All Indian religions assert nirvana to be a state of perfect quietude, freedom, highest happiness as well as the liberation from attachment and worldly suffering and the ending of samsara, the round of existence.
Or at least so says Wikipedia.
For today’s couple, reaching financial independence hasn’t yet meant attaining that state of nirvana, but it does mean they can live a more reflective life, and in particular, enable our interviewee to hold out for the perfect fit for late-career employment…
…even considering the most recent market swoon. Read on to see how life after FI works for today’s interviewee.
If you’re interested in participating in one of three interview series, please download the most appropriate form for your life situation: FIRE Starter, FIRE Crossroads, or Post-FI Notes. To see other posts in the series, visit our Q&A archive.
Getting to Know You
You’re financially independent. About how much does your household spend in a typical year? How much could you spend while still abiding by the 4% rule?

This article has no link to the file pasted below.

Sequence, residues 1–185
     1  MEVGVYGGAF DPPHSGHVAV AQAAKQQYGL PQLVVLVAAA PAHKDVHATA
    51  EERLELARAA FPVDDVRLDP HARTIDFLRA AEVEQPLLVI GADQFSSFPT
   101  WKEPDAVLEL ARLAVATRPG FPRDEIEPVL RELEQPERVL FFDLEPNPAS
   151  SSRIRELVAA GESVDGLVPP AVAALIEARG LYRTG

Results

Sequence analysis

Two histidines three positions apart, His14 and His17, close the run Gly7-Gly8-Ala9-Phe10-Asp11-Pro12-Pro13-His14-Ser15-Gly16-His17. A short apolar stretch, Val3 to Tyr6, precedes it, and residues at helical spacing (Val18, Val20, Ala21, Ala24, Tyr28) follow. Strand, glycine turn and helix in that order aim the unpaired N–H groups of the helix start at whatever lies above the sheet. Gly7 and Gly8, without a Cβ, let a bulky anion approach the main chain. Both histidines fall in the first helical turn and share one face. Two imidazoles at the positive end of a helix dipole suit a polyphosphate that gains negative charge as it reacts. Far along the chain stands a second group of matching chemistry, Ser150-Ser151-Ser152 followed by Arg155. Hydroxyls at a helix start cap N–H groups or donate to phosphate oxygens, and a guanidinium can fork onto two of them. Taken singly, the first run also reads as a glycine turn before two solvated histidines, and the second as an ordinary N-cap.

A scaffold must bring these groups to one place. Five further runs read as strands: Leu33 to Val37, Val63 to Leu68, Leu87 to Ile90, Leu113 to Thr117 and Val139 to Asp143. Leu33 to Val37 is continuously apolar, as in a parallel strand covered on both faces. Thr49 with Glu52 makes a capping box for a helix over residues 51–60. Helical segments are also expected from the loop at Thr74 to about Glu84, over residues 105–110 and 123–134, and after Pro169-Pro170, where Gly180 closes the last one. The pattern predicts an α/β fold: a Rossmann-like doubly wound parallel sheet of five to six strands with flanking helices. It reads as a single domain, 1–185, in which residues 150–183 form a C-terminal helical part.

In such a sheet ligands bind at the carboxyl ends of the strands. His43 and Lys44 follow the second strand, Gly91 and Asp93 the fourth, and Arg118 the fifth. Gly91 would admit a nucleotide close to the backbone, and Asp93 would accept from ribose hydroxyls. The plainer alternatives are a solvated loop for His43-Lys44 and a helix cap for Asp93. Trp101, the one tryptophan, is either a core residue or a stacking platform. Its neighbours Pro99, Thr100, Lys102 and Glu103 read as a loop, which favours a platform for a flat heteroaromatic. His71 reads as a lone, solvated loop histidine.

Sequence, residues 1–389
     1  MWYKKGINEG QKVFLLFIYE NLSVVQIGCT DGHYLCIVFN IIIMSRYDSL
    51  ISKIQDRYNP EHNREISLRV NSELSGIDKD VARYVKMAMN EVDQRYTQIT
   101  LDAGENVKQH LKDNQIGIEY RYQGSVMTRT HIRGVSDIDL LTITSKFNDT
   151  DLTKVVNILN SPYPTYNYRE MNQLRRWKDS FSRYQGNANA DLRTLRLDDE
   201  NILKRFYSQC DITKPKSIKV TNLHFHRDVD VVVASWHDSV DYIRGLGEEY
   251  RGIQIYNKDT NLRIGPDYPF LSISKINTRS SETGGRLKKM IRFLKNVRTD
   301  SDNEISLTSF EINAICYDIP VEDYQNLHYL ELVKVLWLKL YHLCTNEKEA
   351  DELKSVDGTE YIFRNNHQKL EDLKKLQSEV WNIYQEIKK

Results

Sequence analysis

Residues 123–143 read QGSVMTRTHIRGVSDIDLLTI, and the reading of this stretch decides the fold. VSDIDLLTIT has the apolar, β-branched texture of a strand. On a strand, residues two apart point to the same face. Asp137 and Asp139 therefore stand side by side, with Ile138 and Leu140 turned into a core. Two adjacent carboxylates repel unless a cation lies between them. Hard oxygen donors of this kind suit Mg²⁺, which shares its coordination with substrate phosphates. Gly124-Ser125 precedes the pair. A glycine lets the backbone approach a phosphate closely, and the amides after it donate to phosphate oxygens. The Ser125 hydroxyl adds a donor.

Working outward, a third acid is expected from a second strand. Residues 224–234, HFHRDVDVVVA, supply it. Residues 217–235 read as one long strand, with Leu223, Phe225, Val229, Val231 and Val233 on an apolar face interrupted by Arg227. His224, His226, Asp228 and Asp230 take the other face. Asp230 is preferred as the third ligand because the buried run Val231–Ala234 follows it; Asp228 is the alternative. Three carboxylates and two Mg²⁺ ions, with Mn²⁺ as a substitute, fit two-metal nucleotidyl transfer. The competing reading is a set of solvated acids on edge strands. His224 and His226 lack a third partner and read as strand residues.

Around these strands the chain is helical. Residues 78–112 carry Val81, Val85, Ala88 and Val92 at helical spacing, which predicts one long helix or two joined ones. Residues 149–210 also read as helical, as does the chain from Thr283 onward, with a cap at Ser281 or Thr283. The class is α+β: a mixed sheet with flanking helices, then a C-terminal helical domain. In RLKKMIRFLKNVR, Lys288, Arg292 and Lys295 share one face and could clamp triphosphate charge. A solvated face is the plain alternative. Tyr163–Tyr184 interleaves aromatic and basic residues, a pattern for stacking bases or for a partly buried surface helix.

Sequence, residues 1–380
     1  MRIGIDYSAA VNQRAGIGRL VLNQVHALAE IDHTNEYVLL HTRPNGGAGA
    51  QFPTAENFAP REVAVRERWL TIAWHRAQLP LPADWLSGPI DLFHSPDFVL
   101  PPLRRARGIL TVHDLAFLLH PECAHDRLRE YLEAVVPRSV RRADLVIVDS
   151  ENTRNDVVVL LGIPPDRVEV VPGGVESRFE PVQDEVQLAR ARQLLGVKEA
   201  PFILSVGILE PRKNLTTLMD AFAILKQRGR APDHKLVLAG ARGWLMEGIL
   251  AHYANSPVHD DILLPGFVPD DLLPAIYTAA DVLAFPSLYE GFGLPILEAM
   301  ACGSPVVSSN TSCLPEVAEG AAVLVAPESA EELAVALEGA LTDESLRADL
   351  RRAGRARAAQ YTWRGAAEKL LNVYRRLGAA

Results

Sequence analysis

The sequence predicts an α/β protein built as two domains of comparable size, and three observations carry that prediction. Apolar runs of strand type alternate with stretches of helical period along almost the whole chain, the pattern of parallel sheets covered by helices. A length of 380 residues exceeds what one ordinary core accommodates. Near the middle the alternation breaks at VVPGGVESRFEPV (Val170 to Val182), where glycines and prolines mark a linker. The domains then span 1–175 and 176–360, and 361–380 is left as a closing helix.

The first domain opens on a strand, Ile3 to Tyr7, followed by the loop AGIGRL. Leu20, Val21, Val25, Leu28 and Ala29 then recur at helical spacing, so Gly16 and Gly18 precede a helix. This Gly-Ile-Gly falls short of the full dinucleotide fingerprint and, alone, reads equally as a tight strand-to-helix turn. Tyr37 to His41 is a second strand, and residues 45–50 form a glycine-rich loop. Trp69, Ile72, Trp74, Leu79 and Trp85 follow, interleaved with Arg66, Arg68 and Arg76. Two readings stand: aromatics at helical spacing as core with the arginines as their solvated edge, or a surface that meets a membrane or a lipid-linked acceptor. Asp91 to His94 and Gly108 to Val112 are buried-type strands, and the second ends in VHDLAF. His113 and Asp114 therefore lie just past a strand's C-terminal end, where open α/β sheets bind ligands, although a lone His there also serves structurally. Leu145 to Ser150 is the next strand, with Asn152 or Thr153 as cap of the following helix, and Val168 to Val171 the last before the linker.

We spend between $170,000 – $195,000 per year. We could spend about $325,000 a year if I simply divide our net worth by 35 years and a little more if I use the 4% rule. I am not using any growth percentage for my net worth and given the current market flux, most of us will be digging back from a 10-12% hole for some time.
I prefer to be conservative in my estimates and assessments given that I am more aggressive in my stock investments. I have had very little luck in real estate and hence reluctant to put any money into it (which is probably a mistake).
Tell us about your household. How many people and at what ages? Are you supporting anyone outside of your home? Where do you live?
My wife and I are in our mid 60s and about to begin Medicare in the next 6 – 12 months. We have an adult son in his early 30s and we currently support him with monthly expenses, as he entered medical school after working for 6 years. We will continue to support him with living expenses–about $3,000 a month for the next 15 months–until he begins residency.
We are both retired, my wife in 2020 and I at the beginning of this year. We live in St. Petersburg, Florida, a lovely community in the metropolitan Tampa area. We are a low key couple and don’t have expensive tastes. We enjoy cooking at home and actually don’t eat out much, as I am a committed vegan and like a variety of foods.